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White Tantric Yoga

May 3, 2010

On arriving back from white tantric yoga…

It took me ten years to get myself to the annual European Kundalini Yoga festival in France. Ten years too long. Somehow whenever the option came up I would find a reason why this was not the time. Truth was, somewhere inside me, I knew that if I took the step to commit more fully as a yoga teacher, I would have to make a more solid commitment to my life as a yogi and a teacher. And the idea scared me!

The day I booked my ticket finally, I maxed out my credit card. I knew that this was I needed to do. That the time was right. Needless to say, once I had booked it my mind came up with reasons why this was a bad idea; A long trip. A non-favourable Rand-Euro exchange rate. The thought of 4a.m. sadhanas. Sharing a dormitory room with others. A restricted diet of mung beans and rice. These are not the choices of a sane person with two weeks of precious holiday time in hand, and a need for rest and recovery. It was not a choice that was easy to explain to those unfamiliar with the deep passion that a yoga practice can bring. To those uninitiated to the world of yoga, the description of my upcoming holiday sounded more like an army boot camp!

So we headed to France, and instead of the gastronomic feat that such a trip might provide, we chose a time of mung beans and rice. Instead of endless shopping in the Champs Elysees I chose buying yoga books and cds from the Festival Bazaar. Instead of lazing around on the beaches in the South of France. I chose a week of intensive yoga practice from 4am to 10pm.

And here’s the strange thing.

From the moment I arrived I was blissfully happy. How does one explain the magic and beauty of 1800 yogis being woken up at 4am every morning to the sounds of live music and singing? The feeling of rolling out of bed at 4am and stumbling into the dewy darkness with the aid of a feeble torchlight, to engage in a guided Sadhana practice. The sounds of 1800 yogis chanting in the misty coolness. My first morning there when tears sprang into my eyes inexplicably. A French field covered in white-clothed people, like human daisies. The feeling that the layers of stress, worry, control, fear, that I had accumulated over years and lifetimes were slowly lifting off me.

Three days of intensive yoga practice and cleansing mung beans were followed by three days of white tantric yoga. White tantric yoga is a practice of face to face meditation and chanting with a partner that is done in lines. Rows and rows of yogis dressed in white created a human energy field. It was explained that white tantric yoga works on the diagonal lines of energy created by the group. The energy in the room by the end of three days could have kept Eskom in power for years.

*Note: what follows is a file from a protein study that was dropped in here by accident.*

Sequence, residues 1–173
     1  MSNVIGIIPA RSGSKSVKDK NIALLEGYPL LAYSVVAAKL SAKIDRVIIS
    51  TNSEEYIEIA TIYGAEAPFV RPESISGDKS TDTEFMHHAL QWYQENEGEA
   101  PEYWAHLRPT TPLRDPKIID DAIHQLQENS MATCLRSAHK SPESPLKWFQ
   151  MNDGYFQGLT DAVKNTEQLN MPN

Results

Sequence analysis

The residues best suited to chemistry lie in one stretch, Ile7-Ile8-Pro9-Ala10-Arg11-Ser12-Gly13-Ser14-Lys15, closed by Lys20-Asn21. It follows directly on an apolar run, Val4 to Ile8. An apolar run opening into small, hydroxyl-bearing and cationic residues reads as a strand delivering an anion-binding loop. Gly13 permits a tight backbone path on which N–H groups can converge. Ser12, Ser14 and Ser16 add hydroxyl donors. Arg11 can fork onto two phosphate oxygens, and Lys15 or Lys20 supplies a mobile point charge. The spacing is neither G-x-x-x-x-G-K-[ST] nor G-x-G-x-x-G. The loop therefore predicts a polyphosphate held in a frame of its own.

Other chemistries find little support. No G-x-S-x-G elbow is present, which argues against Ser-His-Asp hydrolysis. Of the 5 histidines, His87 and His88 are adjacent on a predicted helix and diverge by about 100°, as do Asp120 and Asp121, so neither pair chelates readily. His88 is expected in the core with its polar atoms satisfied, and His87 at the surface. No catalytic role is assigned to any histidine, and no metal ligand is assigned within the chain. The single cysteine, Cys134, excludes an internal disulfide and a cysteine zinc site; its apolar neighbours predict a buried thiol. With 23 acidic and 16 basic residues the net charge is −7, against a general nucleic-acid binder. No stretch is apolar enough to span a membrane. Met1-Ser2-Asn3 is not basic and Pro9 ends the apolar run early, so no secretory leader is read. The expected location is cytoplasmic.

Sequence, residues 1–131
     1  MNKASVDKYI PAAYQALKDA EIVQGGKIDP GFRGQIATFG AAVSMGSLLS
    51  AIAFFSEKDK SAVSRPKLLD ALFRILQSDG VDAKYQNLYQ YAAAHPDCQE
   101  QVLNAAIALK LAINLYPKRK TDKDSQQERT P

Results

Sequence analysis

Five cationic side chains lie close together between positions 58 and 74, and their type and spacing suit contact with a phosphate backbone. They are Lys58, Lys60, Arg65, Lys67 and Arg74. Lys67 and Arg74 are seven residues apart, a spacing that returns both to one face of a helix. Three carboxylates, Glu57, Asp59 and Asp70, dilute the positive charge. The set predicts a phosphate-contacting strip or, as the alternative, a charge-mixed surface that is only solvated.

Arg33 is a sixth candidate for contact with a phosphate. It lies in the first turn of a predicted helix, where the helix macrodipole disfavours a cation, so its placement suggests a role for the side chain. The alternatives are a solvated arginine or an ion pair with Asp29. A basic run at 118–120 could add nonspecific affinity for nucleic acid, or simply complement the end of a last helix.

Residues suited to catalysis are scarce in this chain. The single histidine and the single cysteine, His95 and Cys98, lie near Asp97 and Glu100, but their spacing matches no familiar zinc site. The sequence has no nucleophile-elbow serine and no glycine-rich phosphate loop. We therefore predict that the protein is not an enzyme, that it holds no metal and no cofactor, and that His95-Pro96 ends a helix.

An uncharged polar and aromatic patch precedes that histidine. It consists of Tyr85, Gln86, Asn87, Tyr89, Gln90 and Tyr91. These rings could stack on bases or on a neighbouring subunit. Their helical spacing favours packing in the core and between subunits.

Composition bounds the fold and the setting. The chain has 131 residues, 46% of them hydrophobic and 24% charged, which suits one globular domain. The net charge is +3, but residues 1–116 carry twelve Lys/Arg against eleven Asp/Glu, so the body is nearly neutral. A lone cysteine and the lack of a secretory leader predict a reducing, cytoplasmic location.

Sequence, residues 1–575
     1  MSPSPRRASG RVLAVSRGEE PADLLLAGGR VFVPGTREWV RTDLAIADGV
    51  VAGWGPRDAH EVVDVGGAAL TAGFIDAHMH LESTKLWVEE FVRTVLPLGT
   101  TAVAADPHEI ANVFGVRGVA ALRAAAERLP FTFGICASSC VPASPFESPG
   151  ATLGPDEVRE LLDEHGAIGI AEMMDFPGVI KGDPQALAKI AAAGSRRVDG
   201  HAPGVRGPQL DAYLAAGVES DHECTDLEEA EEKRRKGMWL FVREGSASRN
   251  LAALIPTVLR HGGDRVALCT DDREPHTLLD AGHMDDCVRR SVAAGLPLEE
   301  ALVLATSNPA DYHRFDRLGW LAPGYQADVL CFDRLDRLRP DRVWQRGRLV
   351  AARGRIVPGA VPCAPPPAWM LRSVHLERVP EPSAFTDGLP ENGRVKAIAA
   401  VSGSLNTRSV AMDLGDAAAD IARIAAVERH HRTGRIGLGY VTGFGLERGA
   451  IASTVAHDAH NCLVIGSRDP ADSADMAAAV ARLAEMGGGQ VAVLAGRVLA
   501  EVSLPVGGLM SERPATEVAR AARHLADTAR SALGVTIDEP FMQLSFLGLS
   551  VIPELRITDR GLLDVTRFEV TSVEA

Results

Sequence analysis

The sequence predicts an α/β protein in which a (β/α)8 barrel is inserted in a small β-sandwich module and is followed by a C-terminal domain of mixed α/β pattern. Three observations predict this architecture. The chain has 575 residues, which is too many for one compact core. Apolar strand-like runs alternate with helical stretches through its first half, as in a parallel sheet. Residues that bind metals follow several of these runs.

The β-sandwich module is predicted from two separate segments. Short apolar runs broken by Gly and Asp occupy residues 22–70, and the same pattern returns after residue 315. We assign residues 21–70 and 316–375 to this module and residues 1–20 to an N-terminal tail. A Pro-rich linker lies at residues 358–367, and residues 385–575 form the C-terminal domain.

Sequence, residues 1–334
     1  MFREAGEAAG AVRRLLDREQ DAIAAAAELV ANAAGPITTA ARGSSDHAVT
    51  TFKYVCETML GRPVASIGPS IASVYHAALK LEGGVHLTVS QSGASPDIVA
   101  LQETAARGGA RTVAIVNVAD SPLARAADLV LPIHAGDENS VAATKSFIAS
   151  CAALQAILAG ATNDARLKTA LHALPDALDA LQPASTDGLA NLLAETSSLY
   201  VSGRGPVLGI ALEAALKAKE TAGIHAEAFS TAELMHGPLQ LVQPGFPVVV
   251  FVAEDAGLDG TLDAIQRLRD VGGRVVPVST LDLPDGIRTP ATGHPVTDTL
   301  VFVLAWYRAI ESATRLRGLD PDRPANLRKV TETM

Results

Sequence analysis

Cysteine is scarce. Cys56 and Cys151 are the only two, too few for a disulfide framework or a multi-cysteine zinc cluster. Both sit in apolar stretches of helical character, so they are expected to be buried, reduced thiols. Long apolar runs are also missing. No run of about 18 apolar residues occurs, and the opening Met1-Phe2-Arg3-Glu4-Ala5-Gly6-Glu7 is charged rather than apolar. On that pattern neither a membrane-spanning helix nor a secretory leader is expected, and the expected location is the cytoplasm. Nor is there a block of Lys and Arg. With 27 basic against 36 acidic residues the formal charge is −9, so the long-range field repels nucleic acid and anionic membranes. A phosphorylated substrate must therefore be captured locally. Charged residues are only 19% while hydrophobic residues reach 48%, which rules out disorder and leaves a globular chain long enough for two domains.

There is no greater evidence to me of yoga truly meaning union. Surrounded by Italian, French, German, Belgian, Scandinavian, Russian yogis all speaking the common language of yoga and what it means to us.

One morning in Sadhana I realized why I had come. I realized I was part of one big family of yogis around the world. A world family whose common language is the language of the soul. It felt like in this tiny spot, a chateau in the French countryside, we had created a human beam of light. The festival has run in the same town for 27 years and apparently the people in the town tell stories of how when the festival runs, the people in the town experience changes in their lives without knowing or experiencing the yoga themselves. If yoga is a vibration, the story is plausible.

I came back home to the inevitable questions. How was France? The truth is, I wasn’t in France at all. I had entered a timeless, universal zone of love, light, bliss, joy.

And all I know is that it might take some time for my feet to touch the ground!

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This article was submitted by Linda Kantor. Linda is a psychotherapist, yoga teacher and practitioner who has been in private practice for the past 15 years. Connect with her via email lindi@isoft.co.za or on facebook.

If you would like to share your yoga story with our readers please submit it to nina@yogaaa.co.za

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